For a dark beer, it has a light medium mouthfeel.  There isn’t a lot of alcohol feel and taste to it.  There is a heavy chocolate and roasted coffee taste with a hint of hops underneath.  It has a low carbonation that along with its chocolate taste makes this definition of a smooth beer.

Blowing Rock has created another well-constructed beer that isn’t trying to be anything other than a good drinkable beer experience.

When in doubt about what to listen to with beer, I usually go with The National.

Growler Taste Test: Sunken City Crooked Road Cream Ale

In some circles the concept of the lawn mower beer is one to be sneered at and derided.  In their mind the term connotes the mass produced American light lagers.  If that is all you think of when you think of lawn mower beers, you are sadly missing out on many good craft beers.

The cream ale is one such style that could be called a lawn mower beer. It was created by ale brewers to compete directly against the American light lager in pre-Prohibition and is an ale brewed and fermented the same way the American light lagers are including using corn as adjunct.  The style took a bit of a backseat after Prohibition ended with only a few brewers continuing to make it, but like many styles the craft beer boom has seen its return.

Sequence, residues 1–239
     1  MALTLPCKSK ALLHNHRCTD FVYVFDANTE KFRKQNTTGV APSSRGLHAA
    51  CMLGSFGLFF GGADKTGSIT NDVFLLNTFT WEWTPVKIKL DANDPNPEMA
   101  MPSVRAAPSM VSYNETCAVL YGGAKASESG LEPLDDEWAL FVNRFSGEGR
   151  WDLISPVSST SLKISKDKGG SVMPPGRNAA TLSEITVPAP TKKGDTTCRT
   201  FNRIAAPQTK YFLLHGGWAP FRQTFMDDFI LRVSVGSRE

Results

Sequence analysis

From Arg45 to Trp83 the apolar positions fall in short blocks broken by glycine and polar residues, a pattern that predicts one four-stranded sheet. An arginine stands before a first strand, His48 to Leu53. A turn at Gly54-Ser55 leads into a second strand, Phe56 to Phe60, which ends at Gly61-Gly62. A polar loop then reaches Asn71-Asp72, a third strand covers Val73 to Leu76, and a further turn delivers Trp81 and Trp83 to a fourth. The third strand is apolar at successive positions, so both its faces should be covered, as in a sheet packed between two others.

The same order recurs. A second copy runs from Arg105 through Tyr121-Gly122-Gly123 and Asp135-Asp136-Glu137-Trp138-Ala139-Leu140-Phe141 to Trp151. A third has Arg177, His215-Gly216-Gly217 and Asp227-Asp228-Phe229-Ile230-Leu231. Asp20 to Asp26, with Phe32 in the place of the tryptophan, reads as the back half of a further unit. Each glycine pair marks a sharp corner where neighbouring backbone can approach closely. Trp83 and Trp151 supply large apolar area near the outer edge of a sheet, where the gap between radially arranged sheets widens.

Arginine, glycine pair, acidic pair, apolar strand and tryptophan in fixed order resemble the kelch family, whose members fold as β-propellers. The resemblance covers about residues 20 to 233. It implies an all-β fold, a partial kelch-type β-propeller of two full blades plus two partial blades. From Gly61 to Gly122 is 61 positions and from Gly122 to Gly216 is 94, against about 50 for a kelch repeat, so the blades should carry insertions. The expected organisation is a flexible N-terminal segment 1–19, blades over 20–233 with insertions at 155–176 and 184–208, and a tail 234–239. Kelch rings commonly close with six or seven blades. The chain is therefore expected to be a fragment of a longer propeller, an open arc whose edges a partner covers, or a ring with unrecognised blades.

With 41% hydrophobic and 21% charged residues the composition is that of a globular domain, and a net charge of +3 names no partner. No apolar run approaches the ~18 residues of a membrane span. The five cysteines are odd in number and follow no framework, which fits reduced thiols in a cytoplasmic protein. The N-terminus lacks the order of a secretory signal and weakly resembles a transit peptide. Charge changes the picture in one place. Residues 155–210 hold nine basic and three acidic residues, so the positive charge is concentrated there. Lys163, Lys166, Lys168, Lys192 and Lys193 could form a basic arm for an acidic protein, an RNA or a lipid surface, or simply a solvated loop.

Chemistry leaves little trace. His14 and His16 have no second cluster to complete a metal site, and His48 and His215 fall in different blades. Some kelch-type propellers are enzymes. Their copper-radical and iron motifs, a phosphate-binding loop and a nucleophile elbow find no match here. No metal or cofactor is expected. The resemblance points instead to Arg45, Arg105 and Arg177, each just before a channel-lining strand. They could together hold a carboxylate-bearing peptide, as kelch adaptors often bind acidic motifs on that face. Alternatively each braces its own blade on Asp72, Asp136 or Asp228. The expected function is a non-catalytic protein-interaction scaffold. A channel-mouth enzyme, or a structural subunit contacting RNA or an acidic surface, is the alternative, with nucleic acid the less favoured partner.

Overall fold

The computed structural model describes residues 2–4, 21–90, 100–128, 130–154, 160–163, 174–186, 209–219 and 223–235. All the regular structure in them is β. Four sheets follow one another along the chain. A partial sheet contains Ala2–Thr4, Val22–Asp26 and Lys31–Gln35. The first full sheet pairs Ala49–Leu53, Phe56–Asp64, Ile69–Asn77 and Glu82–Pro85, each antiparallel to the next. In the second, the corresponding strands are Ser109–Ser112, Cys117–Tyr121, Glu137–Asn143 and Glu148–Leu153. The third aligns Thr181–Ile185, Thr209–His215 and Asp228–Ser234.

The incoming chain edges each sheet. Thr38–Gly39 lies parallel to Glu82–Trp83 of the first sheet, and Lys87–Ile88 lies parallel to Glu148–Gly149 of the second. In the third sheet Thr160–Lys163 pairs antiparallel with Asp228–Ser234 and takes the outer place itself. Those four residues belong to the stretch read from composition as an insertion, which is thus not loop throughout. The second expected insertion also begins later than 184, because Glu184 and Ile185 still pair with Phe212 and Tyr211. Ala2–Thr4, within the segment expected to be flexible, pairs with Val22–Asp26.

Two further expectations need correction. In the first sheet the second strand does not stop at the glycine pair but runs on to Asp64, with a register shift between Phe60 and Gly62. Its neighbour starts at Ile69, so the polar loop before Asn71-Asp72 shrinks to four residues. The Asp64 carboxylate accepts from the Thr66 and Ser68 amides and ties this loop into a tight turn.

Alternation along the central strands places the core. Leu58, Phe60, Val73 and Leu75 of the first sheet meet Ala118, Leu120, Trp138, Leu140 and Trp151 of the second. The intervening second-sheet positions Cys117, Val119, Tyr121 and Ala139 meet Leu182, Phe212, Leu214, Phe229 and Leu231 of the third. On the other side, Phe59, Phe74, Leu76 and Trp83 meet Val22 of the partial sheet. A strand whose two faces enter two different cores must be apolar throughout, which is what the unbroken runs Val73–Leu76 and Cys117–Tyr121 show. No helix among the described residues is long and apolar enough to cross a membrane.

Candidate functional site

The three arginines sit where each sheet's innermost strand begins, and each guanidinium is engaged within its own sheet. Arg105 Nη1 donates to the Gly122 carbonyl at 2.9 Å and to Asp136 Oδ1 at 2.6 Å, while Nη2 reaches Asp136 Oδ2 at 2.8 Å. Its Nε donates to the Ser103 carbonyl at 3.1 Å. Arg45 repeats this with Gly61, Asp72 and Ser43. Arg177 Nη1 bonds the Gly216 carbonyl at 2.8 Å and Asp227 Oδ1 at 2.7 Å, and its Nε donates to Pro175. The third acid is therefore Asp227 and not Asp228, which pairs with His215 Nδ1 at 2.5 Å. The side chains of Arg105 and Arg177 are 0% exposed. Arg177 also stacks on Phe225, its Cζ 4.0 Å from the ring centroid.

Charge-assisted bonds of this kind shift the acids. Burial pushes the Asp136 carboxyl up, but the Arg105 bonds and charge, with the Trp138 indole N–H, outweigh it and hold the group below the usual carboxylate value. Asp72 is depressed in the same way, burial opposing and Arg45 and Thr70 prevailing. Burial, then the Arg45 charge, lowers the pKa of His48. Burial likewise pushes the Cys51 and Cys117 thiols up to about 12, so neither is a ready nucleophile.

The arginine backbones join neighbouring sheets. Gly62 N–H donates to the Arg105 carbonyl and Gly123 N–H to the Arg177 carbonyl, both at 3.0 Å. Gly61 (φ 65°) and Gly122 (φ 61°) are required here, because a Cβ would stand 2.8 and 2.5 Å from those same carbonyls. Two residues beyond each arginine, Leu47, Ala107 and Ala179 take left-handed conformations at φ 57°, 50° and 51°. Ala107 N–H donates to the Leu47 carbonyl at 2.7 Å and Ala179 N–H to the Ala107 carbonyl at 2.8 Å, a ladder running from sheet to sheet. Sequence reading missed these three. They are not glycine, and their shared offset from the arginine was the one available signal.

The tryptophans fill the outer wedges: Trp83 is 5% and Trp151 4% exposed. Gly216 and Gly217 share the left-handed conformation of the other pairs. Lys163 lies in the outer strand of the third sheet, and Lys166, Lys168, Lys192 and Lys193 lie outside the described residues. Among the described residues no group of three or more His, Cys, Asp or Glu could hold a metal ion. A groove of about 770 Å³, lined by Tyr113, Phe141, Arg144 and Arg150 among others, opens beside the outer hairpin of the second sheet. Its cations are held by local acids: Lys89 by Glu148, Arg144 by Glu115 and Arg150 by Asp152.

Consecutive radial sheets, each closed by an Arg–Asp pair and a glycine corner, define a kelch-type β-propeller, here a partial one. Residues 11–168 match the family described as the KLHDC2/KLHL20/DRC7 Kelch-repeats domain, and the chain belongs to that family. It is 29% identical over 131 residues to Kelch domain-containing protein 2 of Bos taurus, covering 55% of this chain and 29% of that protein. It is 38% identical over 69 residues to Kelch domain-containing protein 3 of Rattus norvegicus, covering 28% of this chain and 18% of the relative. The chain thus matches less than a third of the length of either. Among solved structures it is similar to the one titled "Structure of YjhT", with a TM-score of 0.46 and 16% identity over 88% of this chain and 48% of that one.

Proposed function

20150706_181701The Sunken City Crooked Road Cream Ale is a good example of the style.  It pours with a nice pale straw color with a foamy off-white head that hangs around for a while.  The aroma is very malty with little hop presence and a corn sweet back end.

The taste is close to the aroma with a very malt forward attitude and a corn sweetness in the back end.  It also sits light on the tongue and has just enough bitterness to make you want to take another sip.  It is a very drinkable light summer beer.